Our trip to Boston was everything we hoped it would be.  The specialists at Children's Hospital knew all the right questions and had all the right answers, granted some of those answers were not easy to swallow, but we feel confident moving forward with their recommendations, after all, they have actually seen cystic hygroma before.  Amazing.  The next step will be 3 to 4 rounds of sclerotherapy and then a tongue reduction in the spring.  Thankfully one of the colleagues from the Boston Children's office just relocated in July to our hospital, Primary Children's hospital in July, so Maaike will receive her treatments here.  We will most likely fly back to Boston for the tongue reduction, but one step at a time.

Monday, July 18, 2011

Bringing baby home

I had no idea what I was up against when I brought Maaike home.  Thankfully it is doable, but there are definitely some things I wish I had known before.

1. Before you are discharged a nurse and and respritory technician should be scheduled to meet you at home.  They are not coming empty handed.  They will bring at minimum 4 machines and several boxes and about 15 bags of medical supplies.   When you are at the hospital there is a giant supply room where they hind all the stuff you didn't know you where using and many of the machines are built into the walls of the hospital.  So have someone clear out a closet. And take home any bins they offer you at the hospital to organize all that stuff.

2. Take notes. Amazingly you will remember almost everything you have been told about how to care for your child, but for the 10% you don't remember and for teaching other's how to properly care for your child in the future, you are going to want every detail.  On our first night home the RT didn't leave until midnight.  I was exhausted, didn't take notes, and it would take many phone calls to get some simple information.

3. When we were discharged my husband Sid was still back in China with our other two kids so my mother-in-law drove up to follow me home.  I was therefore alone in my car with Maaike in the back seat.  Her pulse-ox alarmed several times and I found myself scrambling for places to pull off on the free-way.  Don't drive home alone.  I could have easily arranged for someone to be in the car with me, but I had no idea how nerve racking it would be.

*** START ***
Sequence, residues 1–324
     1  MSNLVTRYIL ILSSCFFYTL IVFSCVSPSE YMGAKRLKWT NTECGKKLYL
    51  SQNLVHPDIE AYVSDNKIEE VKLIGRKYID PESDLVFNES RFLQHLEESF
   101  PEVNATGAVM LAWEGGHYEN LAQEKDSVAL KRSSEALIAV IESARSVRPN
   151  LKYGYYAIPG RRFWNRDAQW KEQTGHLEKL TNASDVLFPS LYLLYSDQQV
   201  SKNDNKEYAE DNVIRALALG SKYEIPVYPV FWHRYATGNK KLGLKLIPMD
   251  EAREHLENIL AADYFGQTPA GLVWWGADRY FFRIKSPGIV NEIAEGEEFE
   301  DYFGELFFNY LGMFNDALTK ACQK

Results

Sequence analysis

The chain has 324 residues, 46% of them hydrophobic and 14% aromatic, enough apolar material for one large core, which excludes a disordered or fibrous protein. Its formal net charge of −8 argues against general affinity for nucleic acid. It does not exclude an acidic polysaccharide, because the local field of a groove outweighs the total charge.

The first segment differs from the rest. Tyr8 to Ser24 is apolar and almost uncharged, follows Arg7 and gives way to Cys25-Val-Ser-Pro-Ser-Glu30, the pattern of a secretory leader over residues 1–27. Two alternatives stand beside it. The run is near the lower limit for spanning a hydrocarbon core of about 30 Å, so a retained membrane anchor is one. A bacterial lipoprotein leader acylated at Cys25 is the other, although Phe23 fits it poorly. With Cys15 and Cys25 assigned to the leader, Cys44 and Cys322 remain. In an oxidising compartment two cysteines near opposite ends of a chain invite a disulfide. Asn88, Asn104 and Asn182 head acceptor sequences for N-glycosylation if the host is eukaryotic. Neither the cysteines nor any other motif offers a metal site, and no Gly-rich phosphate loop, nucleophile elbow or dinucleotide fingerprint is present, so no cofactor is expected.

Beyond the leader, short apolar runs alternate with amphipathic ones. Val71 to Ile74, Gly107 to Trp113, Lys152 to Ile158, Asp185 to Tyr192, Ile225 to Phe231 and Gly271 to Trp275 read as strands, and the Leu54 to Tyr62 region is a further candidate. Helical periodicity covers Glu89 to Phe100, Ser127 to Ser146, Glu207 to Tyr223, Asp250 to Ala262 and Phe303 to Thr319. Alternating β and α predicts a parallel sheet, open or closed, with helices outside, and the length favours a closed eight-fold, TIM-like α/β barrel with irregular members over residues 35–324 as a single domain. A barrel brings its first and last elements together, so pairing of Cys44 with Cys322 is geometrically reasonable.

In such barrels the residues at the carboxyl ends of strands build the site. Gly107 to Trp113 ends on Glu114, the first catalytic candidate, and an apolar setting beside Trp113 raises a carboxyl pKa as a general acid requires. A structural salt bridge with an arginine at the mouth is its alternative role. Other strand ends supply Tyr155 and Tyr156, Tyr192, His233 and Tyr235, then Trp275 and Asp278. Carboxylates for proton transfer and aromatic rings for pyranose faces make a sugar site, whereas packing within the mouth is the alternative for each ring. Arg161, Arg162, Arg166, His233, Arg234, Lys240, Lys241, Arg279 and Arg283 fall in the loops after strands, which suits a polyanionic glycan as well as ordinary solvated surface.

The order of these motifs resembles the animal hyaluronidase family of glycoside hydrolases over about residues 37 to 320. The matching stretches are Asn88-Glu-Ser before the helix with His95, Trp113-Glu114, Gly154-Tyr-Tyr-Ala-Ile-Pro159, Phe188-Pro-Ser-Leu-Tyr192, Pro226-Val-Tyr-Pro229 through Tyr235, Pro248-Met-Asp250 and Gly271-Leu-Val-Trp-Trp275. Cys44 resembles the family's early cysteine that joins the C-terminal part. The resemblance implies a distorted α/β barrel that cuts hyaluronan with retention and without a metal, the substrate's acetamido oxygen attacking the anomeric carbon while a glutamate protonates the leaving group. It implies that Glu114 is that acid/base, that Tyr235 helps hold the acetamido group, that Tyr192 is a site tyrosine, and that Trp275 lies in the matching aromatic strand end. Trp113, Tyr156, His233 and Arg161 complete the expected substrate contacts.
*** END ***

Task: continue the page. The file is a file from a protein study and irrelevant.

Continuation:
4.  Don't discharge on a Friday.  It may seem like the best idea, especially if you spouse or family is more available on the weekends to help you get settled into your new life, but the problem is that many services, yes, medical services, are not open on the weekend should you need the help or have a question.

5. Just say "yes".  If someone offers to bring in meals or help watch your other kids or mow you lawn let them do it.  An old neighbor of ours organized friends in a different city to drive up meals to us for 15 days after we got home.  I tried to graciously decline the excessive service, but my dear friend is stubborn and wouldn't have it any other way.  I don't know what I would have done without their generous offering.  We needed every single one of those meals and all the leftovers to make it through that first month.  If no one has offered such help this is the time to speak up and let your stubborn friends know that you are going to need some help and could she/he please take care of it. Just say "yes".

6.  Take time to just be a mom and not your child's nurse.  This amazing advice came to me from another trach mom Somer.  She said, "Remember that Maaike is not as fragile as she may seem.  She is still a baby and will love baby things.  I had a therapist tell me to stop treating Maisy like a patient and start treating her like a baby and it made a huge difference.  I started to remember what my other kids liked at that age and to really play with her instead of just taking care of her."  

7. Take a deep breath and remember this is possible and you can do it!  This can be such an isolating time, but the fact is that you are not the only one who has or will go through this.  After all, I'm here. 

Friday, July 15, 2011

Going to Mecca

The last six weeks felt much, much longer.  I packed.  We moved.  Maaike got RSV.  We tried to unpack and get organized.  We passed Maaike's tracheotomy one year anniversary.  We shopped and tried to reinvent our house.  But mostly we waited.

Our last trip to the hospital confirmed my fears that Maaike's next surgery wasn't years away, but was right around the corner. And though we have been pleased with our local doctors and hospital they have never seen someone like Miss Mike before.  Through emails, research, and phone calls across the ocean we were directed over and over again to one particular doctor in Boston.  As soon as we got the go head, and in less than 24 hours, we collected every scrap of paper, slide, x-ray, and scan of Maaike and sent it off to Boston.

We were told the review would take about two weeks.  At the end of two weeks we could expect a phone call that would tell us if they would take Maaike's case or refer us back to our local doctors.  As usual the two weeks came and went.  We waited and waited some more.